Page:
(more)
  • Archer ... Mog of War 2012/07/01 22:33:58
    Archer ~ The Limit Break of PHAET
    +1
    Eh, I respect your opinion on the matter, but I get the distinct impression you missed the point of my rant.

    I don't give two farts about the fact the words are there.

    I care that they're being used to hurt fellow Americans.
  • COMALite J Mog of War 2012/07/02 00:55:08 (edited)
    COMALite J
    +2
    “…and the pledge itself had originally been penned by a man who was both an atheist and a socialist, and even he didn't find a problem with under God being added at first.”

    Wrong on both the first and last count. Francis J. Bellamy was a Christian Socialist and Baptist minister, not an atheist. (It should be noted that the Christian Socialism movement of the time bore little resemblance to what most people today think of when they hear the term “socialism.” It was about taking Christ’s statements about the poor seriously, and following through on how the very early Christian Church was set up socioeconomically.)

    And he bloody well did too have a problem with inserting “under God,” especially with inserting it in that spot. See my other posts in this thread for more details. Basically, he and other ministers of his day (not just Christian Socialists) rightly believed that tying any Name of God to a pledge (or oath) of allegiance (or loyalty) to any physical object made by human hands (or even a concept made by human minds, e.g. a Republic) to be at the very least tantamount to, if not outright, both blasphemy and idolatry!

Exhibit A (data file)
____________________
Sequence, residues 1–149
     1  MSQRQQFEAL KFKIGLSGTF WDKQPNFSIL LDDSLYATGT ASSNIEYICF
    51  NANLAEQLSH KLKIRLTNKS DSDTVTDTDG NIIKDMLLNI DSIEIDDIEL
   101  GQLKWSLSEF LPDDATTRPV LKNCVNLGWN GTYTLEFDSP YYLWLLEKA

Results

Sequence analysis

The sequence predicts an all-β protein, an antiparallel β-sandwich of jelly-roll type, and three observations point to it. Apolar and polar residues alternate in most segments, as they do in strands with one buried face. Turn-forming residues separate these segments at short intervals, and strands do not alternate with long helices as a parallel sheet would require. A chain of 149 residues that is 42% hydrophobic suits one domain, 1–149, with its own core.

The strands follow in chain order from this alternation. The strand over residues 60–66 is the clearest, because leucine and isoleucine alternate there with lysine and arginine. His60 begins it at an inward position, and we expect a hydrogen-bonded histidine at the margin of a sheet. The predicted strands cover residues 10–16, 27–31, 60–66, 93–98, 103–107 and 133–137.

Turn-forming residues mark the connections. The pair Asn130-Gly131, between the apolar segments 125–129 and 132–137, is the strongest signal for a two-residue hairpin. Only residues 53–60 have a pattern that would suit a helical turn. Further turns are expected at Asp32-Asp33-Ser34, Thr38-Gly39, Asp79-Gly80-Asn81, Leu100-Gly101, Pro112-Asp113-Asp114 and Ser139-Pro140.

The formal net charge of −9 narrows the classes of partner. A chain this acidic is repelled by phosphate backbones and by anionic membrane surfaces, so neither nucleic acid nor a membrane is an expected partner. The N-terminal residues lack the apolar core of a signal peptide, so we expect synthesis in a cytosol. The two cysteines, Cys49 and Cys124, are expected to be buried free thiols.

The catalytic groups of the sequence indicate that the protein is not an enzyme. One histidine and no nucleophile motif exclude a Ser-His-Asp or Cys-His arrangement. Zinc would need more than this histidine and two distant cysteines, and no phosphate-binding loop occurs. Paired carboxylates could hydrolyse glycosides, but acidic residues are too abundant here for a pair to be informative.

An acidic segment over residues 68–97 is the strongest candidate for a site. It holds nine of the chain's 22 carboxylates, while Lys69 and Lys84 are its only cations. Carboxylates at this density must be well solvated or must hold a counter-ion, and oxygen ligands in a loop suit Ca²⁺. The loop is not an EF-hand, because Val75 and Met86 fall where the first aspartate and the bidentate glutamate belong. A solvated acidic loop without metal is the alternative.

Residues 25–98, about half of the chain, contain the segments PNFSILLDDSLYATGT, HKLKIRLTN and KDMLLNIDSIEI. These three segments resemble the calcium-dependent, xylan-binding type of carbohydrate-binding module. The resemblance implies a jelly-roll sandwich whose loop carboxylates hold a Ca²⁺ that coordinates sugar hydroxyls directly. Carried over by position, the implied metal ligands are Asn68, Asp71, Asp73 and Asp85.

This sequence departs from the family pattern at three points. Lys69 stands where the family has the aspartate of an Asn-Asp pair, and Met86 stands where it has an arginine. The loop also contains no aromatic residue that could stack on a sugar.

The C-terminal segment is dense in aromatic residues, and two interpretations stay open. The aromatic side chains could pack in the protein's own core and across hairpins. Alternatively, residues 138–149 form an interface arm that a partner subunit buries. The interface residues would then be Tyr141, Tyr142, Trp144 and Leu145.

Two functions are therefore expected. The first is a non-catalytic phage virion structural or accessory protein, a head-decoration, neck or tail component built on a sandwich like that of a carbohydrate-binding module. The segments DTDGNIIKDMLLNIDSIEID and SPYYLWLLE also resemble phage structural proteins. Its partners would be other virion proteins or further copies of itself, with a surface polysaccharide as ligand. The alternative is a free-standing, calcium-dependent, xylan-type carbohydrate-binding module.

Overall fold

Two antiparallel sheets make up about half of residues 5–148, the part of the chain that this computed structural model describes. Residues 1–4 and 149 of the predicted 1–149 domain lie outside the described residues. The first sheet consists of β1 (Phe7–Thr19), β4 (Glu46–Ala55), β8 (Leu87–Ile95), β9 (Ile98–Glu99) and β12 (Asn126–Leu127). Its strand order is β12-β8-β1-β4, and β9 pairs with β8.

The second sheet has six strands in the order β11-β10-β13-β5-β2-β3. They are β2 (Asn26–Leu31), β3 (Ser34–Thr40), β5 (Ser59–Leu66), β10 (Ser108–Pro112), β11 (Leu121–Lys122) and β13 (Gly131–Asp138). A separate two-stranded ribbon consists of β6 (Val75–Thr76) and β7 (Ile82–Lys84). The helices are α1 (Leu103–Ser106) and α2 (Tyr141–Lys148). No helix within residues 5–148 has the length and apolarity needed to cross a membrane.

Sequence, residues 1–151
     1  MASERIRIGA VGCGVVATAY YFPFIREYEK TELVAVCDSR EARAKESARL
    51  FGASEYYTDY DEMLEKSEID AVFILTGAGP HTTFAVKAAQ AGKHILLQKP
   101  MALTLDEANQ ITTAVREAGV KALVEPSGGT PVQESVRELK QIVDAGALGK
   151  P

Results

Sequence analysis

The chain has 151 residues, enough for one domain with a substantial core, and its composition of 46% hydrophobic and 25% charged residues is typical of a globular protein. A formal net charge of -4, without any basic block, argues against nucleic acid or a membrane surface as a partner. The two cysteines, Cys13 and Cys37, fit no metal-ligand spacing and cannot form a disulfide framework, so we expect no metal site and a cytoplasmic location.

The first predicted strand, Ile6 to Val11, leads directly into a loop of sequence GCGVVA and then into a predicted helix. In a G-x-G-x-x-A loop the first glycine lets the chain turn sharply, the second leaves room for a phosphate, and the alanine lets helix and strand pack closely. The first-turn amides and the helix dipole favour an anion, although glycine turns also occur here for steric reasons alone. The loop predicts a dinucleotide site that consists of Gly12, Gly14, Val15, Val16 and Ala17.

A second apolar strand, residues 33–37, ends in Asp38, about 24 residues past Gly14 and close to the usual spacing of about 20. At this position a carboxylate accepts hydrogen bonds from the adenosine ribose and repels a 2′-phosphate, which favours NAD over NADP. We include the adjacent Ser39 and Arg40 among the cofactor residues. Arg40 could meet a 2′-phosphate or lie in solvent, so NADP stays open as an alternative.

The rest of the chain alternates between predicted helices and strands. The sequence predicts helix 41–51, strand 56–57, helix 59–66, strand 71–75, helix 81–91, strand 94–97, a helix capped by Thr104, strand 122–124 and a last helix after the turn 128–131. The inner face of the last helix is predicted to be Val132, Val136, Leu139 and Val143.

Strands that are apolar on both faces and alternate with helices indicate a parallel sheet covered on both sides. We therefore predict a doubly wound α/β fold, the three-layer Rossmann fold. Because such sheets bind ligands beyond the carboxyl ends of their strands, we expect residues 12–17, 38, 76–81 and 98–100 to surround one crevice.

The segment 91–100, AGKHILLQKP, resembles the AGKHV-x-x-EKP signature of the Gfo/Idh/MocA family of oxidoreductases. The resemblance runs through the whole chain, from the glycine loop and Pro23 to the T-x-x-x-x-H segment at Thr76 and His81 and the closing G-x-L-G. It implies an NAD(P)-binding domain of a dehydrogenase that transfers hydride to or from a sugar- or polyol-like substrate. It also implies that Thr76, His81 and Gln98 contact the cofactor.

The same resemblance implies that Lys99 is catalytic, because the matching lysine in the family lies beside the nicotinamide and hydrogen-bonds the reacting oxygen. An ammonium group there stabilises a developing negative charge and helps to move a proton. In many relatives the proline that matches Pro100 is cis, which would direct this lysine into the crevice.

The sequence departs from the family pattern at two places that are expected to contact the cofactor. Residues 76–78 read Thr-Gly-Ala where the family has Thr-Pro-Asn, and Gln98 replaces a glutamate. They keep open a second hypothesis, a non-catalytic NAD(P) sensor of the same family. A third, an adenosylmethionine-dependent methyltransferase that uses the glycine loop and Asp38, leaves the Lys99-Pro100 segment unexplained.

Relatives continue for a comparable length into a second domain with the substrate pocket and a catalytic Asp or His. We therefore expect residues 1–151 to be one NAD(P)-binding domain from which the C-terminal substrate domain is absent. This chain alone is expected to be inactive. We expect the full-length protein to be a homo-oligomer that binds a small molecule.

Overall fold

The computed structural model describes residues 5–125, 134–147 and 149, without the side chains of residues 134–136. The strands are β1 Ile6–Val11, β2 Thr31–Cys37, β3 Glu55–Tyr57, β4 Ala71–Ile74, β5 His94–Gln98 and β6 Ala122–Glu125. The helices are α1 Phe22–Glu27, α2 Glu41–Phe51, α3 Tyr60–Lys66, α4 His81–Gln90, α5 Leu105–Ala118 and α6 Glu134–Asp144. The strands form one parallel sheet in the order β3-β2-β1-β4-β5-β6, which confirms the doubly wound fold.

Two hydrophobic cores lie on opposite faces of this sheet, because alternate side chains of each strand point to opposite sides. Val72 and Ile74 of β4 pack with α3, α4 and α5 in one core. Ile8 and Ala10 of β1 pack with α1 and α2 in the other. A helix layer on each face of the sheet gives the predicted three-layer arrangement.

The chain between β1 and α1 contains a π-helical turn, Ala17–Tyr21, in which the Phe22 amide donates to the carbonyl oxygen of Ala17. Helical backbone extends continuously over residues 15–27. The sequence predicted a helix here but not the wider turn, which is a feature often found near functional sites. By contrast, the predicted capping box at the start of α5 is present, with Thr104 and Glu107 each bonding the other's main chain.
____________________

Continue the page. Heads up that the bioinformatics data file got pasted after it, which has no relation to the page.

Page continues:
Moreover, inserting any words in that particular spot undermined Bellamy’s whole point in writing the Pledge in the first place. And make no mistake: the 1950s insertion was made in that spot specifically to undermine his main point!
  • Mog of War COMALite J 2012/07/02 01:25:17 (edited)
    Mog of War
    +1
    You know I LIKE being wrong about things when it means I'm about to learn something new.

    The pledge to the flag, was also a pledge to the republic, described as one nation indivisible. Since nation states in western civilization have been for the longest time described as Sovereign beneath God, how does describing the republic as one nation under God change any of it's meaning?

    Also, how does that specifically undermine his point?

    P.S. I guess I should do my homework a bit better, and not take someones word for something just because they're usually right about stuff.
  • COMALite J Mog of War 2012/07/02 21:40:58
    COMALite J
    +2
    His point was to prevent another Southern rebellion / secession by making them and their progeny swear forevermore to uphold “One Nation Indivisible.” In the original Pledge, there wasn’t even so much as a comma separating “One Nation” from “Indivisible.” It was intended to be a single phrasethe key phrase!